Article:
Wednesday, August 22, 2007


On August 3, we listened to the weather folks warn us of yet another thunderstorm (the computer voice of NOAA says to stay away from winDOWS). It was traveling north of us so we figured we were only getting fringes. But a piece of it apparently looked south, saw all the RVs at Hart Ranch and slobbering with greed, wound it self up and headed our way.

We heard the wind come up violently and the rain, and thunder and lightning, but except for the dog, remained calm.

BANG. BANG. What ? BANG, BANG. Hailstones as big as baseballs and softballs were coming down out of these nasty green clouds, bouncing 15-20 feet in the air. They weren’t as thick as smaller hailstones, didn’t cover the ground. They seemed to be about 10 feet apart as they came down. We were all terrified. It was probably about 5 minutes of the most appalling violence on our roof, a plague in Egypt, Thor or Zeus in an epic rage. Any intellectual understanding of the physics of a hail storm was flattened into a quivering howling panic. And I’m not talking about the dog. We expected them to come right through the roof and brain us, and began searching our consciences for what we might have done to offend who up there.

I was worrying about my Airstream, lonely off in the storage area, probably pulverized, and worrying about the cattle out on the hillside. I remember on one of my early trips to Wyoming that some old cowboy told me that if I was ever in a hail storm while I was riding, to get right off, take off the saddle, lie down and drag the saddle over my head. Innocent that I was, I probably said “what about the poor horse?” Now I know why. A hit on the head with one of these bombs would kill you.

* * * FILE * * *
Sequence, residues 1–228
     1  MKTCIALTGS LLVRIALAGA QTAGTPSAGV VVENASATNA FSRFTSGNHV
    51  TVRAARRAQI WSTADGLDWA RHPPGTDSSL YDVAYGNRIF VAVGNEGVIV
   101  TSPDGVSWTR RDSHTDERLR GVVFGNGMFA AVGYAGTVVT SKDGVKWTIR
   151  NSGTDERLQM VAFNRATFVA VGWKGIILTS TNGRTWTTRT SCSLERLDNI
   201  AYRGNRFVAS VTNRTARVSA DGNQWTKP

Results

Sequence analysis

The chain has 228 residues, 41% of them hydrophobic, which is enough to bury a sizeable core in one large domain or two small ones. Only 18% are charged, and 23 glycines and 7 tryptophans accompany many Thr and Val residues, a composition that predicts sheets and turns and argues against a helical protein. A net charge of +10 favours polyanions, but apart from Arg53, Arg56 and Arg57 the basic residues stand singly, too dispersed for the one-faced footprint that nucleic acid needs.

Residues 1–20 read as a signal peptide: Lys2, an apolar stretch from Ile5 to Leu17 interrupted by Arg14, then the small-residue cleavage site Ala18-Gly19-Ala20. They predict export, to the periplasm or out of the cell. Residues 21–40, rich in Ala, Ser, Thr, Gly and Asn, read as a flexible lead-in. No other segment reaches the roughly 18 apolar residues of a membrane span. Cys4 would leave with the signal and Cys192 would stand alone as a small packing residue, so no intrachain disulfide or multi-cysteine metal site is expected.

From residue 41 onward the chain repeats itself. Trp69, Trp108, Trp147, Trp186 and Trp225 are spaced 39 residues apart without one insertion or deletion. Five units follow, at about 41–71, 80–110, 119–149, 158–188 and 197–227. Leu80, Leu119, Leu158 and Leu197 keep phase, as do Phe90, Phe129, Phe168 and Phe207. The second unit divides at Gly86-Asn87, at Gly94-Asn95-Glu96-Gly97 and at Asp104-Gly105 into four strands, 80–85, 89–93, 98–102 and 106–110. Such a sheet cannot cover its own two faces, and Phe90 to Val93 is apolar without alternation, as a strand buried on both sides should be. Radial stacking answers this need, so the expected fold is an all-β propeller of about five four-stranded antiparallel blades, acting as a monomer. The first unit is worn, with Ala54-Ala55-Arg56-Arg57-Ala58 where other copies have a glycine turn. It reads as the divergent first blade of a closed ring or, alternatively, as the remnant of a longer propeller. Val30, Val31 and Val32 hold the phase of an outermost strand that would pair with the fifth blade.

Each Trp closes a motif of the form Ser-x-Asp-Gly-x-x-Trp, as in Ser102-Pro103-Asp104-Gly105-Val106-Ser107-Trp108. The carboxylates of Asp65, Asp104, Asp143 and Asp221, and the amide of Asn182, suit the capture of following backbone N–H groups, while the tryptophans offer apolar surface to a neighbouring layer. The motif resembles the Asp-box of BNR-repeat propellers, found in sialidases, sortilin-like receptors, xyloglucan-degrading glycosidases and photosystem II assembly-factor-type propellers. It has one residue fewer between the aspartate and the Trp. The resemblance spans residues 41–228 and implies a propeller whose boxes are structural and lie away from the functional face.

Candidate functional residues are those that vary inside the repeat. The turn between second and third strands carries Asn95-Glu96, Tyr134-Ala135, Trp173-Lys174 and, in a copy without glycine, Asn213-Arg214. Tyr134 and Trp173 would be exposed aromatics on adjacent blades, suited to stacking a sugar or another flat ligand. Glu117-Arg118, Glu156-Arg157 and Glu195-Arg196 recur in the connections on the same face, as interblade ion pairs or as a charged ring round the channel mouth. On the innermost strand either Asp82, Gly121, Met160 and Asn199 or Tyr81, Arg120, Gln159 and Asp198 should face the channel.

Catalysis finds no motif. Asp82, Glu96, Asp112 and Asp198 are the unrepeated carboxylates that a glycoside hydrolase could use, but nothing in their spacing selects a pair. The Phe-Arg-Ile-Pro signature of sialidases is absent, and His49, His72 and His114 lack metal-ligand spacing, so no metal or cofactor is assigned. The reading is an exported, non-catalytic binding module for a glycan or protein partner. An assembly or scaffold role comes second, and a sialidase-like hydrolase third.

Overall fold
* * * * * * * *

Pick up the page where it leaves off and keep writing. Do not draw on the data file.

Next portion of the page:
Once it was over, everyone ran out to pick one up and hold it, just to be sure they really were that big. And some of us ( including me…) put some in the freezer, as if no one would ever believe us.

Damage to our rigs was minimal, the worst being the 5th wheel’s roof. It has 25 good dents in it and although it doesn’t leak, it will have to be replaced, fortunately by Don’s insurance. Neither of our trucks got more than a few extra dents, and the Airstream is completely unscathed. A miracle, although I think the big 5th wheel that it is parked right next to protected it pretty much.

Damage in the rest of the park was substantial. Worst hit were cars and truck, there are at least a hundred with smashed windshields or rear windows. A lot of RV’s have dents, broken roof fans, busted Acs and in some cases the very thing I envisioned: holes smashed right through the roof into the interior. We had 8 broken windows in buildings in the park, which kept us up late vacuuming up broken glass so people could go to sleep in the cabins. The windows just exploded inward, glass everywhere.